by Peter Anderson
Walt looked up, grimly recognizing the thick power lines and insulated housings for what they were -- mockery. The electricity was out, for the third time this year; no power in the lines, no shock protection needed.
The power being out meant the milking machine was out, and the cows, already groaning with a night's worth of milk in their bellies, had to be milked by hand. Like the old days, with his father. But though there were plenty of things he missed about his boyhood -- the long idle stretch between spring planting and summer detasseling, fishing and swimming in the creek, tinkering with the old tractor -- milking by hand wasn't one of them.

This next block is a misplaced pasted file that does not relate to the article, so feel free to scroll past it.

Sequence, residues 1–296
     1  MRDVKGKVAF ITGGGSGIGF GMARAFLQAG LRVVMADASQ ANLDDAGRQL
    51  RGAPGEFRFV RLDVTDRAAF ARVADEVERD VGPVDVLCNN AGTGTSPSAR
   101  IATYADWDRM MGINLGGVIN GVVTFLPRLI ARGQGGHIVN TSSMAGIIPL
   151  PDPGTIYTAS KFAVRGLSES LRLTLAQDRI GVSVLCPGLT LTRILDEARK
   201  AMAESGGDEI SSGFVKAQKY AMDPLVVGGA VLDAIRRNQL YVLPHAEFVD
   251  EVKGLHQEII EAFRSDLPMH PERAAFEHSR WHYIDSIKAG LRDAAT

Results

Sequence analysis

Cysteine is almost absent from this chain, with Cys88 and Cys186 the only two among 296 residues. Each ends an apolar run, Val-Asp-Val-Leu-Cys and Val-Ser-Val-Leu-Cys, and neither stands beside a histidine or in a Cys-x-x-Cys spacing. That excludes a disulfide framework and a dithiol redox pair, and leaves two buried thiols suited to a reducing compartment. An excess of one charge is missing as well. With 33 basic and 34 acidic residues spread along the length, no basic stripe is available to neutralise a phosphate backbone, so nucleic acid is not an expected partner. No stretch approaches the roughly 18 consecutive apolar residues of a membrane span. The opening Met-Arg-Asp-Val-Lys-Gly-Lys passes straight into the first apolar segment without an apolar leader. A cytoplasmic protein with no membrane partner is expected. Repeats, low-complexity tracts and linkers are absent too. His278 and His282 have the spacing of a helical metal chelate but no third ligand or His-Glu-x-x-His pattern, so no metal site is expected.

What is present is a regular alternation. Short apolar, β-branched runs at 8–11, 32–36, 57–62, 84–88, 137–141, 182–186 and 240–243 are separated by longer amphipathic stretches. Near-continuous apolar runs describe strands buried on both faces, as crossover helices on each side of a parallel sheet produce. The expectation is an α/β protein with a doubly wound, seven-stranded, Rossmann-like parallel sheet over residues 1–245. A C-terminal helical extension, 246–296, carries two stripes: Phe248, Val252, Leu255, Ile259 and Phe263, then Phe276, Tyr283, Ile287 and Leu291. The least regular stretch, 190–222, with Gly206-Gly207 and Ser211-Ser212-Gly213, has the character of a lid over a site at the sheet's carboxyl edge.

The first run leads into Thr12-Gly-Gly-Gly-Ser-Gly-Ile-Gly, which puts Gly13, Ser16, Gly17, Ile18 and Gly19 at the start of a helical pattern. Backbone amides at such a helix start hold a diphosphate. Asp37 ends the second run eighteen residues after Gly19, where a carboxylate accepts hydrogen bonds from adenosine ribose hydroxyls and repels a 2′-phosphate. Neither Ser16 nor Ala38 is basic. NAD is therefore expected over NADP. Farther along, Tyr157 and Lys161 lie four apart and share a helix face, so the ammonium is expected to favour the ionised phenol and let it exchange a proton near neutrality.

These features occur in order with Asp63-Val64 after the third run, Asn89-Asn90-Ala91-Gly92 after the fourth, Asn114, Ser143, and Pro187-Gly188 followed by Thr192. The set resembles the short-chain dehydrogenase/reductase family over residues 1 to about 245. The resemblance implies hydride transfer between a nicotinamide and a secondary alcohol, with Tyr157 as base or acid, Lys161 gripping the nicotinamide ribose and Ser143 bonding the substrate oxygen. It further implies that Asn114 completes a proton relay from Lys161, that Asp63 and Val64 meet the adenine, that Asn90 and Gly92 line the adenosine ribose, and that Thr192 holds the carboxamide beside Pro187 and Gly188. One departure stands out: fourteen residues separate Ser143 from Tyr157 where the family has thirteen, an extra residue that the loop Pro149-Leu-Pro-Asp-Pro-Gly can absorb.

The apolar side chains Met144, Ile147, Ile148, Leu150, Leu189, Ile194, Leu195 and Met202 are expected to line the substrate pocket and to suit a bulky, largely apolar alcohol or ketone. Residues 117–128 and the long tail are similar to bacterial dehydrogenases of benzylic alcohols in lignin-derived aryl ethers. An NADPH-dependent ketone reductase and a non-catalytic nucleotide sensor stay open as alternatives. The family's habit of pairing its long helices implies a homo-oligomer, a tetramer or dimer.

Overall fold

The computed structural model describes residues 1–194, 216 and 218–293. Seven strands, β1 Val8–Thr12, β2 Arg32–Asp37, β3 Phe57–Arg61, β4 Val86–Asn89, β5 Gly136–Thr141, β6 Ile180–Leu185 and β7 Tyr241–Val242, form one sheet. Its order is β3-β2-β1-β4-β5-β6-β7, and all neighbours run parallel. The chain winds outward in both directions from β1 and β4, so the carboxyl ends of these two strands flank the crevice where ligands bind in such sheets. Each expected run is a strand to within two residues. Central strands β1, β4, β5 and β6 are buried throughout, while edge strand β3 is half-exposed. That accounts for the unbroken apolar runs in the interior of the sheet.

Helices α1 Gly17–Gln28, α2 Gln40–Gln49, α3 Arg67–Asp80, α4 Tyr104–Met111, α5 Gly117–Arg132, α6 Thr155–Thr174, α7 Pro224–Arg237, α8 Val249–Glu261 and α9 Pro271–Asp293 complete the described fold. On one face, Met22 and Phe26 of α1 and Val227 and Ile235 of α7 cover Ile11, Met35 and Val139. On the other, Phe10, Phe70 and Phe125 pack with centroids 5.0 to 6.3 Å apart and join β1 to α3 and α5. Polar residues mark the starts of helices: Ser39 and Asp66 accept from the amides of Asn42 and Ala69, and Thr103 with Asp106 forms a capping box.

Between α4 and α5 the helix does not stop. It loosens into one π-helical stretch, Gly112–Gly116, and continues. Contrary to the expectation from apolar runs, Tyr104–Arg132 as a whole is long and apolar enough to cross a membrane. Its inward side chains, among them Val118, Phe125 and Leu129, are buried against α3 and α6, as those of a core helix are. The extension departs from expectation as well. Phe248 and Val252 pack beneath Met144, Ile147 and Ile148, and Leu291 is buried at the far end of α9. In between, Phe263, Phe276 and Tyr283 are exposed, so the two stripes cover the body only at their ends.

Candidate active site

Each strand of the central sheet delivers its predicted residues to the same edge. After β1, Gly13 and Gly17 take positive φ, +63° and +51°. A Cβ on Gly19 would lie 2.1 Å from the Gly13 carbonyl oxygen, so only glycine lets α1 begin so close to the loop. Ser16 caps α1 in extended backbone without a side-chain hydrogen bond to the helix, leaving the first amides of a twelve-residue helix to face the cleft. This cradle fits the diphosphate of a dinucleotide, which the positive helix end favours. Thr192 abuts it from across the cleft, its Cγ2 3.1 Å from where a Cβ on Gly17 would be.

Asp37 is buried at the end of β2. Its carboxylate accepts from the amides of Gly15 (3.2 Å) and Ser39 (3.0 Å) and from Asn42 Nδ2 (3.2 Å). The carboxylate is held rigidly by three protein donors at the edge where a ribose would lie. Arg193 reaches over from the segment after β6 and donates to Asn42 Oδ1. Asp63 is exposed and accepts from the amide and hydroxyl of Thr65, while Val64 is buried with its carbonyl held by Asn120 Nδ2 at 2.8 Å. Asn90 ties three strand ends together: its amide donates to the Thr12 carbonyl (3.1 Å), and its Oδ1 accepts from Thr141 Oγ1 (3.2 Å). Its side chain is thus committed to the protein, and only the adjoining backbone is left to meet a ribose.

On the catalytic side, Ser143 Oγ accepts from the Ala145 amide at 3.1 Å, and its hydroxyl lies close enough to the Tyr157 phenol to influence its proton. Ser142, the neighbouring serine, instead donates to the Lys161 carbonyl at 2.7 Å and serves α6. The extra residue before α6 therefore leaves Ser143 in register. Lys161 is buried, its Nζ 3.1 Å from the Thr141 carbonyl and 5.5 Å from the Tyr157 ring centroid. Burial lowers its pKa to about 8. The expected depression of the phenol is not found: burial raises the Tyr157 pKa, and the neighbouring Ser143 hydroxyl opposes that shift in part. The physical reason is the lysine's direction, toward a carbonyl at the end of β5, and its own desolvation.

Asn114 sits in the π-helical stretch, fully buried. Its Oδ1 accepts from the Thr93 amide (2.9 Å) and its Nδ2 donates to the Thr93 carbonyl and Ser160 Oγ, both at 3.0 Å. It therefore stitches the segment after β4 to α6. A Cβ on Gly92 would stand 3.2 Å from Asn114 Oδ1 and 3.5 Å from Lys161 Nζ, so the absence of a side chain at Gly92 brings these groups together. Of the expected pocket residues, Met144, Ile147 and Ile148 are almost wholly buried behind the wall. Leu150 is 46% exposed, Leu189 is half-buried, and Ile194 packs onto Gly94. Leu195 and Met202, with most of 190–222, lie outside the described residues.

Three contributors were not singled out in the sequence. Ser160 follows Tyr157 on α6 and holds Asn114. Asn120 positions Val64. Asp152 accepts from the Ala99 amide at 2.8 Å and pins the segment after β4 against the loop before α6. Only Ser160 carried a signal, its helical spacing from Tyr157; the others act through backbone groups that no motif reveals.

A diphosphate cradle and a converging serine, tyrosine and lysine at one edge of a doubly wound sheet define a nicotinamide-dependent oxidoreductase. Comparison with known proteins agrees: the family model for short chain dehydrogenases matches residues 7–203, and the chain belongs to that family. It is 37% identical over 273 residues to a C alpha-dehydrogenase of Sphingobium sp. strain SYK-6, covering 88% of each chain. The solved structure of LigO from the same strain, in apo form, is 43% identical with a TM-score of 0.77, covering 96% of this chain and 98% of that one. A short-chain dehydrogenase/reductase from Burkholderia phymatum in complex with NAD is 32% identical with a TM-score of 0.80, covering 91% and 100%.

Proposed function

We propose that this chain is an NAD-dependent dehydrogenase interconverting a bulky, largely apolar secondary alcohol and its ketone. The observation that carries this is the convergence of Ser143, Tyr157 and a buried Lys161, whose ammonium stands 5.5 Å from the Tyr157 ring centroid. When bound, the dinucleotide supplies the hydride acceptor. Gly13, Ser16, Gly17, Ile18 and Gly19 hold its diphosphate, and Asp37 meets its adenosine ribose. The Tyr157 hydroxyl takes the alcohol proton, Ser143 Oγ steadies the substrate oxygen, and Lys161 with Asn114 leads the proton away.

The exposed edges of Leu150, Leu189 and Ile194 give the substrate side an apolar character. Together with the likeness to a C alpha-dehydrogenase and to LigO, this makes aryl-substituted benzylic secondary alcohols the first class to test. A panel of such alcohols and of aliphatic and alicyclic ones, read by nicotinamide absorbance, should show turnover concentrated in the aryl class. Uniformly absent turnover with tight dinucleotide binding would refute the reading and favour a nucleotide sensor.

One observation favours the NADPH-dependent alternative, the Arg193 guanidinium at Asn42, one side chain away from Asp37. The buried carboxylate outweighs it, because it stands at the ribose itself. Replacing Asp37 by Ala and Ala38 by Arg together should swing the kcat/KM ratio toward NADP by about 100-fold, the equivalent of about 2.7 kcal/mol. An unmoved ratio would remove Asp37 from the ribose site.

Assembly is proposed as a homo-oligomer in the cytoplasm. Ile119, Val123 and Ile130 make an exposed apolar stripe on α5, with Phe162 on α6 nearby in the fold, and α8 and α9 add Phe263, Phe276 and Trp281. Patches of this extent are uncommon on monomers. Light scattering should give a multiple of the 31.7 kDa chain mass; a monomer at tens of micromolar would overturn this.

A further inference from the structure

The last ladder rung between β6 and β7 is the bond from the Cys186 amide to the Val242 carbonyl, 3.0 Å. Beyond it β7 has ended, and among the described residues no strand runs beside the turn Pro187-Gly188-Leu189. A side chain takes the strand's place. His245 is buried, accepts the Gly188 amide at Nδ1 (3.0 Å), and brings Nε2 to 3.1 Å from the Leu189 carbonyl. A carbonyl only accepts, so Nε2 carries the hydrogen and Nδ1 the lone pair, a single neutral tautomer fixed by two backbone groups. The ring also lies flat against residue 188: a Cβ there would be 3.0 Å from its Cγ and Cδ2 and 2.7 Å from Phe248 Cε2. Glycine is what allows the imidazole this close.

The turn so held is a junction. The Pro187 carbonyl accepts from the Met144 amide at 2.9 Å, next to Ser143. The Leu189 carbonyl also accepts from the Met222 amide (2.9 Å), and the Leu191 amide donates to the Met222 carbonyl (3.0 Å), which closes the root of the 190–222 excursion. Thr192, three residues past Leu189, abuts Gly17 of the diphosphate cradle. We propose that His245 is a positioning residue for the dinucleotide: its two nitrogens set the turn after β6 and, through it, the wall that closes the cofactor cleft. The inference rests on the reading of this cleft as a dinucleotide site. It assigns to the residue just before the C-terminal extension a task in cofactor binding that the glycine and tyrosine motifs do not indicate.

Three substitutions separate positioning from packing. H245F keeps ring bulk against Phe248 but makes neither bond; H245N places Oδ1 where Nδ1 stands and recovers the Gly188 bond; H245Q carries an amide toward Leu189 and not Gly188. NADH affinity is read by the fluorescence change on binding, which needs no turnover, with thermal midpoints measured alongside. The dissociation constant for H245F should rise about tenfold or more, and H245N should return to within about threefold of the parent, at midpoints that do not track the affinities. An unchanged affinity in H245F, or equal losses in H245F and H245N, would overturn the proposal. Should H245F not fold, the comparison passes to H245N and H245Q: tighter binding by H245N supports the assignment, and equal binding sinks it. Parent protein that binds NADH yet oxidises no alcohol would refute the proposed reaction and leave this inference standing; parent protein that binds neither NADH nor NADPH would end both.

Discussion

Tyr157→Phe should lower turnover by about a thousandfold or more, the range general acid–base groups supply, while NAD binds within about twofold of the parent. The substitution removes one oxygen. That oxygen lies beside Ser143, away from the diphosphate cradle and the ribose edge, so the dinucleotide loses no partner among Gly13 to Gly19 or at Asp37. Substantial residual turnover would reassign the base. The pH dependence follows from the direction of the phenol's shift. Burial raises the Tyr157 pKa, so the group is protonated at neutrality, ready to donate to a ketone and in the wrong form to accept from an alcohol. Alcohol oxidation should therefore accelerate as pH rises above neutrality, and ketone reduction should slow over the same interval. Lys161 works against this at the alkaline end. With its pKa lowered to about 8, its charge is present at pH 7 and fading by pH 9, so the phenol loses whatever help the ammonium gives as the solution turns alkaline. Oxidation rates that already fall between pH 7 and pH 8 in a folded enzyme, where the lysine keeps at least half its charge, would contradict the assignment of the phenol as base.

None of this would be any problem, of course, if Lewis had remembered to keep the generator filled with fuel. But the kid forgot again, as if six years as a hired hand had taught him nothing.
Well, Walt muttered, Lewis would pay for his oversight. The kid would have to milk the cows, too, right alongside him, but without gaining the warm memories Walt enjoyed from working next to his own father, long ago.
He could already feel the cold stiffness in the joints of his hands from grasping the endless series of udders, and the soreness of his lower back from hunching over on a wooden stool, the inevitable consequences of milking his half of two hundred Guernseys. He hoped Lewis would feel the same thing.
This time, Walt vowed, the kid would learn.